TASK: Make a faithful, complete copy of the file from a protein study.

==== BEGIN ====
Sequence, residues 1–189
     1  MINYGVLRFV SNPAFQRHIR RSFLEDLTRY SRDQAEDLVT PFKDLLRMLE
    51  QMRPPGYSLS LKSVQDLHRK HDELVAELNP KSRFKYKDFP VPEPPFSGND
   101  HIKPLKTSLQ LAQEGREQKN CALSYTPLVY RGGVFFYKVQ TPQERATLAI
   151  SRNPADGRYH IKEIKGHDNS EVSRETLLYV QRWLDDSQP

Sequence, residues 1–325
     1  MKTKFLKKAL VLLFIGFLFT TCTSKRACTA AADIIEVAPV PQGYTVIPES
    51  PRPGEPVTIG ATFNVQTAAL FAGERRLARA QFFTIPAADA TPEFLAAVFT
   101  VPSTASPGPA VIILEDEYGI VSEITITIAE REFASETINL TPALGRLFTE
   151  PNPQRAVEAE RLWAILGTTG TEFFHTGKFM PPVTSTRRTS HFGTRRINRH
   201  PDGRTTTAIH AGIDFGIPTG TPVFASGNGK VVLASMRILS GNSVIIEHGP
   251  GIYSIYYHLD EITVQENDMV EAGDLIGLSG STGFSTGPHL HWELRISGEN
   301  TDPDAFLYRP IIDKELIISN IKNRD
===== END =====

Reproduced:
Sequence, residues 1–189
     1  MINYGVLRFV SNPAFQRHIR RSFLEDLTRY SRDQAEDLVT PFKDLLRMLE
    51  QMRPPGYSLS LKSVQDLHRK HDELVAELNP KSRFKYKDFP VPEPPFSGND
   101  HIKPLKTSLQ LAQEGREQKN CALSYTPLVY RGGVFFYKVQ TPQERATLAI
   151  SRNPADGRYH IKEIKGHDNS EVSRETLLYV QRWLDDSQP

Sequence, residues 1–325
     1  MKTKFLKKAL VLLFIGFLFT TCTSKRACTA AADIIEVAPV PQGYTVIPES
    51  PRPGEPVTIG ATFNVQTAAL FAGERRLARA QFFTIPAADA TPEFLAAVFT
   101  VPSTASPGPA VIILEDEYGI VSEITITIAE REFASETINL TPALGRLFTE
   151  PNPQRAVEAE RLWAILGTTG TEFFHTGKFM PPVTSTRRTS HFGTRRINRH
   201  PDGRTTTAIH AGIDFGIPTG TPVFASGNGK VVLASMRILS GNSVIIEHGP
   251  GIYSIYYHLD EITVQENDMV EAGDLIGLSG STGFSTGPHL HWELRISGEN
   301  TDPDAFLYRP IIDKELIISN IKNRD